Every player and fan already knows, the current NHL labor dispute, sucks. There is simply no other way to describe it. For most American hockey people, the closest professional hockey team is an NHL club. For that same demographic, the only televised hockey they usually get to see are local market and nationally televised NHL games. If the NHL is not playing games, most American hockey people are not watching professional hockey, in-person or on TV. So, the prospects of getting to attend or at least watch an actual, professional hockey game pitting the Hershey Bears against the Norfolk Admirals in the AHL Showcase at Verizon Center last night was very exciting.
For myself and a whole Verizon Center section full of my fellow men’s leaguers, it would be particularly fun to watch our friend, Tommy George (@The61Car) work his part-time AHL linesman gig. And it was. We got to cheer for our local celebrity. We were hockey fans again. We got to drink beers and get loud at the game. However, there was this dark side to all of it.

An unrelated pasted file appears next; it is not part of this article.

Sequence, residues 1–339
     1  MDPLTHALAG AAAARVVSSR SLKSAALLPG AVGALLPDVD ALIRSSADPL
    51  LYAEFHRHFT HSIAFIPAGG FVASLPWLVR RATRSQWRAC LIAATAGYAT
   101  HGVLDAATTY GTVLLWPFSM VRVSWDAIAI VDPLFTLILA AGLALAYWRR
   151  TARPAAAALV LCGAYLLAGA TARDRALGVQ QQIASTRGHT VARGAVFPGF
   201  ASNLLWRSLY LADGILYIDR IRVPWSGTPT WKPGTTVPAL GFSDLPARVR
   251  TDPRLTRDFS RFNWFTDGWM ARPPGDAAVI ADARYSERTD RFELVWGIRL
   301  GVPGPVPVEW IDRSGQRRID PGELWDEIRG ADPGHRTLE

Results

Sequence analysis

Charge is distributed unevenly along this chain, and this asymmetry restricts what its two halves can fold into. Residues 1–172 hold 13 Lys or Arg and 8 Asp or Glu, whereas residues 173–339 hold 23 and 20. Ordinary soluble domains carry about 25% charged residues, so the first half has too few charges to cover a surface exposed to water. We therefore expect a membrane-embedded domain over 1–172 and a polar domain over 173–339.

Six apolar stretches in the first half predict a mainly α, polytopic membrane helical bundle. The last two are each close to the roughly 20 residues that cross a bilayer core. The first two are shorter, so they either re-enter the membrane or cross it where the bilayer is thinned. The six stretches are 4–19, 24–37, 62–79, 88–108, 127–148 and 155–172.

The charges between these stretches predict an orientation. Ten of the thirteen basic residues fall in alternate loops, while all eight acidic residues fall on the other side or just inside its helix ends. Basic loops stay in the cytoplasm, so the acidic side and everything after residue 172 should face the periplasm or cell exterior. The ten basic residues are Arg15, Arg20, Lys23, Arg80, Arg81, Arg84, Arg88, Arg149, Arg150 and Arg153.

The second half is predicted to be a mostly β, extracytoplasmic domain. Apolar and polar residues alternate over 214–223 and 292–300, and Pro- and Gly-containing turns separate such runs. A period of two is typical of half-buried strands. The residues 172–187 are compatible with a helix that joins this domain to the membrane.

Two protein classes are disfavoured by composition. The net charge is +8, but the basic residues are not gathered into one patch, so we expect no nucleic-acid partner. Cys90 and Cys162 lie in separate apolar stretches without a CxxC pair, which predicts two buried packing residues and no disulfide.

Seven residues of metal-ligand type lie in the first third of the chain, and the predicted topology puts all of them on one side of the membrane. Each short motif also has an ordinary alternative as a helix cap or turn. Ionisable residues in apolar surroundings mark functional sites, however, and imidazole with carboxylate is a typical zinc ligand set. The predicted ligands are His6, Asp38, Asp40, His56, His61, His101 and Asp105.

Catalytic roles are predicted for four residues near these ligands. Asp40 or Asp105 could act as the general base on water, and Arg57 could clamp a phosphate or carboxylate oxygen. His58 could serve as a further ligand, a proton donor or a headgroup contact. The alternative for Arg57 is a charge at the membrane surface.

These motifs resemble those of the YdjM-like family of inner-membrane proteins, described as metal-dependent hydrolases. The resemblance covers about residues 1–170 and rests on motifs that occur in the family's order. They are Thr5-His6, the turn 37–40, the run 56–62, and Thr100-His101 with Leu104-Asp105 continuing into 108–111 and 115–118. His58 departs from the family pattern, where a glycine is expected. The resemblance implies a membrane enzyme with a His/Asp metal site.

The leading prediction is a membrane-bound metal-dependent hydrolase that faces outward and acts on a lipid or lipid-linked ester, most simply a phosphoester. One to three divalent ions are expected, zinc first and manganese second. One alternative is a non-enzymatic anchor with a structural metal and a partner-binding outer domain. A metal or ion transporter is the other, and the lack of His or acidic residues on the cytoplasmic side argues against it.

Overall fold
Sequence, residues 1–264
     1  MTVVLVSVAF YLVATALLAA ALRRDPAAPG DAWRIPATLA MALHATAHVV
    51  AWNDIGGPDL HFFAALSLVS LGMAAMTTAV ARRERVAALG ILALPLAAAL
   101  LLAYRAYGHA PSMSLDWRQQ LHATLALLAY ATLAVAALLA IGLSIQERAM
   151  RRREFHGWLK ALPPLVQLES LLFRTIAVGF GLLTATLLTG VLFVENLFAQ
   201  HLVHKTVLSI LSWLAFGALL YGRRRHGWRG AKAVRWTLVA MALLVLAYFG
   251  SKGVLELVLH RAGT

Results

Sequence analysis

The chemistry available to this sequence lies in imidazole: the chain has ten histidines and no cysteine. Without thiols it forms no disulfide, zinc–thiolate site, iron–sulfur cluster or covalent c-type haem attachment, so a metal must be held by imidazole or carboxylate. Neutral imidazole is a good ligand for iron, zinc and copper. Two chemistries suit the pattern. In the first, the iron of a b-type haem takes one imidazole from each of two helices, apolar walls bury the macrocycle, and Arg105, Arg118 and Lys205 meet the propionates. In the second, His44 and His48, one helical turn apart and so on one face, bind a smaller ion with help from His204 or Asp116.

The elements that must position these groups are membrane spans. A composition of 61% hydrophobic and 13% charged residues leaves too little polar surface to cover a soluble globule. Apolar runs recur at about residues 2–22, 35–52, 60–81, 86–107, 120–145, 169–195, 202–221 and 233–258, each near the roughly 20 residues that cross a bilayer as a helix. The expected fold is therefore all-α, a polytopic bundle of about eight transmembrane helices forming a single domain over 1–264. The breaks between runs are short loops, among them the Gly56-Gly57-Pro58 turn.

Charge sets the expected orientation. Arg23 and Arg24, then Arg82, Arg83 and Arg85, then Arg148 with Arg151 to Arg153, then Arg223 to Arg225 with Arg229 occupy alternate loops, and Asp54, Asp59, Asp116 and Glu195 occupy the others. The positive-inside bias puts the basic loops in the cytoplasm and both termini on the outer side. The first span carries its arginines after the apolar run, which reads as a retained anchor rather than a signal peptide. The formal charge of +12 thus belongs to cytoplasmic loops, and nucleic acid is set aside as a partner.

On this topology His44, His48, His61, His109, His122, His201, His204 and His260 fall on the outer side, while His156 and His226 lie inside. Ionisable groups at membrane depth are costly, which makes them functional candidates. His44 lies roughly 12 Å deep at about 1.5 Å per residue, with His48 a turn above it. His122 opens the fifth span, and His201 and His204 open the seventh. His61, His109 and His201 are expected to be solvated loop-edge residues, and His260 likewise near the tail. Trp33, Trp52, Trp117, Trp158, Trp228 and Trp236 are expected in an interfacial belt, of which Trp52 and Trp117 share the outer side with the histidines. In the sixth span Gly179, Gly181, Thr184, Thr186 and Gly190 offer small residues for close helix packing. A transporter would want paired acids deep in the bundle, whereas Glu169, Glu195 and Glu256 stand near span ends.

Hockey people are fed up with the lockout and they expressed their frustration in different ways. The arena was quiet. Probably as quiet as it has been since the Rock the Red era began. Sporadic “Fire Bettman” chants broke the calm. Some people had makeshift shirts and jerseys denouncing the labor dispute. During a TV timeout, a video showed Slapshot, the Capitals’ beloved mascot, doing Christmas-y things around the Caps’ offices at Kettler Capitals Iceplex. It was booed. In our section, it was unmercifully booed. It reminded me of the story of Santa Claus being booed and pelted with snowballs at a Philadelphia Eagles game in 1968. As hockey people, we weren’t booing Slapshot celebrating the season just as Santa wasn’t the real target of Philly fans’ frustrations 44 years ago. We were booing what the video represented; an organization that’s part of the problem, keeping us from the game we love.
After the video and booing ended, I turned to Jon Walker (@jonnywalker36) and said, “I really hope Uncle Ted is here and they show him on the board.” Alas, it never happened.